All together, there are owned networks that are split between very good and marginal, and a series of ad sales rep agreements that in a perfect world would deliver hefty commissions without the need to make a capex investment. Actual results of the sales rep activity may have varied from the ideal however, especially in light of the executive departures confirmed yesterday. Those executive departures may signal a decisive move away from the third party ad sales rep business, and a reinvestment in owned networks. I believe that the rollup model for networks has some validity, but acquisition diligence will trump opportunism in the end. Kleiner, which backed Danoo/NYTimes from the start, picked up the In-Flight gem with IdeaCast, but also the less attractive Fitness network. The Executive Media Network win was offset by the questionable-at-any-price Pharmacy TV move. The group of networks with which RMG has ad sales rep agreements (or had, based on the conflicts between the media kit and the web site) is a mish-mash of verticals, demographics, technologies and special situations. It does not leverage the strength of the core properties or the time of the sales team. Hence the logic of refocusing on owned properties.
RMG has a defensible top position in an attractive niche in the Business Travel vertical. They are not even close in any other vertical with an owned network. Is this the stuff of an executive summary for a pre-IPO S-1 filing? Decide for yourself.
Yesterday’s news article refers to the desire to raise $250 million for new acquisitions. Potential investors need to ask two questions. First, what percentage of the RMG juggernaut does one get for $250 million? You can bet that private investors, which is probably the path of least resistance, would get a much lower pre-money valuation than public investors. Life is a series of tradeoffs. Second, will the acquisitions leverage strengths or simply be whatever they can find at bargain basement prices? They have not made a game changing acquisition since the relaunch of Danoo-IdeaCast as RMG. The EMN deal was a good niche deal for sure, but they have not been successful in pulling off something bigger, and that is not for lack of trying. It seems clear at this point that RMG has little taste for funding the capex for new networks, having experienced that at Danoo, whose growth stalled, perhaps in an effort to conserve capital. Since McGuire said that he now has three deals in line that would eat the full $250 million, he must not be bottom feeding for the next Pharmacy TV deal. So what could it be? Given the relabeling of the network groups and the size of the potential deals, the candidates for acquisition are relatively small in number. We may never know who the companies are that McGuire is referring to, but I will bet the traditional box of donuts that he knows the executives of at least two of them from DPAA meetings. I have sealed the names of my short list in an empty mayonnaise jar buried in the backyard.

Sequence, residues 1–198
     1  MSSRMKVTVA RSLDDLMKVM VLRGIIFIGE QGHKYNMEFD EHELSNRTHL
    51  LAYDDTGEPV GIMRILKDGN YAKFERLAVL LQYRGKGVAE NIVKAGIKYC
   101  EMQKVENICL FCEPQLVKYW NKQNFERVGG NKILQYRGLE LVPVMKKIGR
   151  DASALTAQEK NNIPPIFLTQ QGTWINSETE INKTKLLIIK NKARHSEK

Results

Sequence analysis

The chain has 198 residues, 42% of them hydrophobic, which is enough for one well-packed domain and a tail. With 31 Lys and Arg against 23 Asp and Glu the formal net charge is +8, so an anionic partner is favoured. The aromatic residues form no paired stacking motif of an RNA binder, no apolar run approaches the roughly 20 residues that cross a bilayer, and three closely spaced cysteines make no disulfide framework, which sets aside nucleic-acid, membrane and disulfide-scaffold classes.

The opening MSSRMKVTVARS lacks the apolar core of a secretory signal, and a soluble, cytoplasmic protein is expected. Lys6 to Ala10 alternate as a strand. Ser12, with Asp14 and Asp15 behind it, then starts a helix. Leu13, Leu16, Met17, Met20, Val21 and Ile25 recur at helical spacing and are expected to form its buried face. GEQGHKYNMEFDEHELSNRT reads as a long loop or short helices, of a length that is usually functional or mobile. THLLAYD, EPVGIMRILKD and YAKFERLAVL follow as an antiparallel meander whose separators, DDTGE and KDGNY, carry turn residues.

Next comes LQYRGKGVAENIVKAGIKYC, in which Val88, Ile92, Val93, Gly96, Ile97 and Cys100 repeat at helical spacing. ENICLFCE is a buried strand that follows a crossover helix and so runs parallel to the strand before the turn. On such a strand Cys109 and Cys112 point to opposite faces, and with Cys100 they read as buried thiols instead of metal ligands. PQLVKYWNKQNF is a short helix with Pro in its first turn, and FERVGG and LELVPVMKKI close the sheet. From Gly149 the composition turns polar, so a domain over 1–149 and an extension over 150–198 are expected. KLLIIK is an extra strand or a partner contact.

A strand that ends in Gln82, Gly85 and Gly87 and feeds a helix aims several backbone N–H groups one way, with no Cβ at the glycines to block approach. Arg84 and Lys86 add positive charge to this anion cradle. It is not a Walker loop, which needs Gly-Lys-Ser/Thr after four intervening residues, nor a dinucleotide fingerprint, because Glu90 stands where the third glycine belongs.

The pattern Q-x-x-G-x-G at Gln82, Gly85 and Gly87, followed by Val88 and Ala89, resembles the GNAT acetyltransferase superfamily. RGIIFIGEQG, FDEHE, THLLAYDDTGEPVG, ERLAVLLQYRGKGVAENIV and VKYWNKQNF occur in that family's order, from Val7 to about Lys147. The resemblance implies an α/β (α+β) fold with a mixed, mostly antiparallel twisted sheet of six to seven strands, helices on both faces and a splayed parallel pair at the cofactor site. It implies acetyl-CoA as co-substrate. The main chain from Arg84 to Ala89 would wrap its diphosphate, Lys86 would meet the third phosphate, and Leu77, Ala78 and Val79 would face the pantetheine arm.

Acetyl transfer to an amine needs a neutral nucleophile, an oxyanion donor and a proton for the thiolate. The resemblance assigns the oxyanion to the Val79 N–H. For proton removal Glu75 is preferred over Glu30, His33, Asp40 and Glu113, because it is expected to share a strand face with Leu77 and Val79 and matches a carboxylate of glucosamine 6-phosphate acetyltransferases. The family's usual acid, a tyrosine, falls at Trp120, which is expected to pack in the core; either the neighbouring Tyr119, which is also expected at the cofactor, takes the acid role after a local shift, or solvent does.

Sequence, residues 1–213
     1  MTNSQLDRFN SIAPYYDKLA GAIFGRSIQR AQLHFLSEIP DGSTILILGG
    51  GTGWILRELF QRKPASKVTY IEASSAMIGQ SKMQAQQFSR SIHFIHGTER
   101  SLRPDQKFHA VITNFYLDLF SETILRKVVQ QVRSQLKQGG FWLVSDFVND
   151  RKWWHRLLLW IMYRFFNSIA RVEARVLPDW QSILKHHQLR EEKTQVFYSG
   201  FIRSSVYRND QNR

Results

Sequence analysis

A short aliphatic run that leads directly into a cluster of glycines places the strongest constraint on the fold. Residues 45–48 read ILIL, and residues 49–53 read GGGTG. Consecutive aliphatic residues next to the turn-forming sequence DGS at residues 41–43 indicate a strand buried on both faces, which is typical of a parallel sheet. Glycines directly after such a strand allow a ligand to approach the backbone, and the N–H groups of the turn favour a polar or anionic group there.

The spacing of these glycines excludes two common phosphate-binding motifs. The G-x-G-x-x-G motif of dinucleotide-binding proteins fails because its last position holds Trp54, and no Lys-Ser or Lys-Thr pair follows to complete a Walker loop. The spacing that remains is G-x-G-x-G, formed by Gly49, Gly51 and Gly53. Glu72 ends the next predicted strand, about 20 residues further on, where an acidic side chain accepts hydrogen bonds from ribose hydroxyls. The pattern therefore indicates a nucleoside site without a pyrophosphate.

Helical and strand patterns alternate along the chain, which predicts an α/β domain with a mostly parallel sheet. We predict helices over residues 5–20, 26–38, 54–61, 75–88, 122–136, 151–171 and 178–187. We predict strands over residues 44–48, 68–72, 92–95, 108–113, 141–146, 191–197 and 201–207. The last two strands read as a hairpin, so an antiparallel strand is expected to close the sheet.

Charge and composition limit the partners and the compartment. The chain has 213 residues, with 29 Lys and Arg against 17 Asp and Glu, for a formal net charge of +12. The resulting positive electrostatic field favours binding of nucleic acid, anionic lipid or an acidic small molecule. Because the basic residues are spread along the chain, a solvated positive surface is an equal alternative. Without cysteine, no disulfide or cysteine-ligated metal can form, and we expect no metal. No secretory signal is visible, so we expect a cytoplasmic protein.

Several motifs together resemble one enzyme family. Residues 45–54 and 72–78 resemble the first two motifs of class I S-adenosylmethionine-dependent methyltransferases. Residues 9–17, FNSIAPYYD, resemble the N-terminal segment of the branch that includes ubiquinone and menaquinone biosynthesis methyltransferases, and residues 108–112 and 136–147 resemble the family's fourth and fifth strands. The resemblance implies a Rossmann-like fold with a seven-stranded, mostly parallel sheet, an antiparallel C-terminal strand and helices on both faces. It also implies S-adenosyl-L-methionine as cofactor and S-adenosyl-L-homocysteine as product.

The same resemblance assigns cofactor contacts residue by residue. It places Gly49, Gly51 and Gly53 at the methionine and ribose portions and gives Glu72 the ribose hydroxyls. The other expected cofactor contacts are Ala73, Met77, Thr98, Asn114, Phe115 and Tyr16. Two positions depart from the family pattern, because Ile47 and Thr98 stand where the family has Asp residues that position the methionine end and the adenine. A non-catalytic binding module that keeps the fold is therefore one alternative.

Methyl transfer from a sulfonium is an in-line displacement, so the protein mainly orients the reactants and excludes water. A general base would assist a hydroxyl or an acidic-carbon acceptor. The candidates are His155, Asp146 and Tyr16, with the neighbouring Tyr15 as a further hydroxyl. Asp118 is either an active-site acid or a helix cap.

RMG has also struggled to create a consistent technology infrastructure that would deliver operational efficiencies. If they proceed with multiple network acquisitions, that situation is likely to be exacerbated. In fact, one savvy observer told me a year ago that RMG could not successfully go public without making a technology acquisition. The reasoning was twofold. First, running multiple networks on multiple platforms is very costly and inefficient. Rollups need to exploit efficiencies of scale, and infrastructure is a big piece of that. Second, a consolidator like RMG would need to have a captive technology advantage to build and maintain barriers, a story that plays well on IPO road shows. The Danoo legacy platform has not been asked to scale into thousands of sites to date. It is probably not viewed as the answer. If RMG chose to acquire technology, the list of potential candidates for a scalable platform deal is actually fairly short, but it is not clear that it is a current priority. In any case, a harmonization of technology infrastructure will be a costly effort, but will have to make its way on to the pre-IPO to-do list at some point, whether they choose to make or buy.
The tea leaves seem to indicate that RMG is focused on filling its three network buckets with more owned networks, and rationalizing its efforts to sell ads for non-owned networks, which is a very competitive business. A second box of donuts says that they will raise more private money before they consider an IPO, betting that investing in and fixing the model and then hitting some proof points will render a higher valuation down the road. To their credit, RMG was bold and early in the consolidation game. They have learned some tough lessons, and are now at a crossroad where they must choose a path toward the next stage. That path must leverage what has worked and address areas that have not performed as well. As you can see, it is a toll road.
[…] about the tech/money collision that is DS and that’s Ken Goldberg. His latest post here about RMG is fascinating. Read it. My ‘Bifurcation‘ theory requires that DOOH networks […]
Thanks for the kind words and link in your post!
Ken – this is a thorough and poignant take on one of the most prolific companies in the U.S. ad-supported sector.
There is one set of comments where you might have been too generous to this company, as airline media offerings cannot be “owned” by a third party in any way. There is a huge revenue-share (60%, 70%, or even more) due to airlines and airports on every dollar from advertisers.
Your article begins the process of clearing smoke, mirrors away from what is a 7-figure revenue company pretending to be something exponentially more important…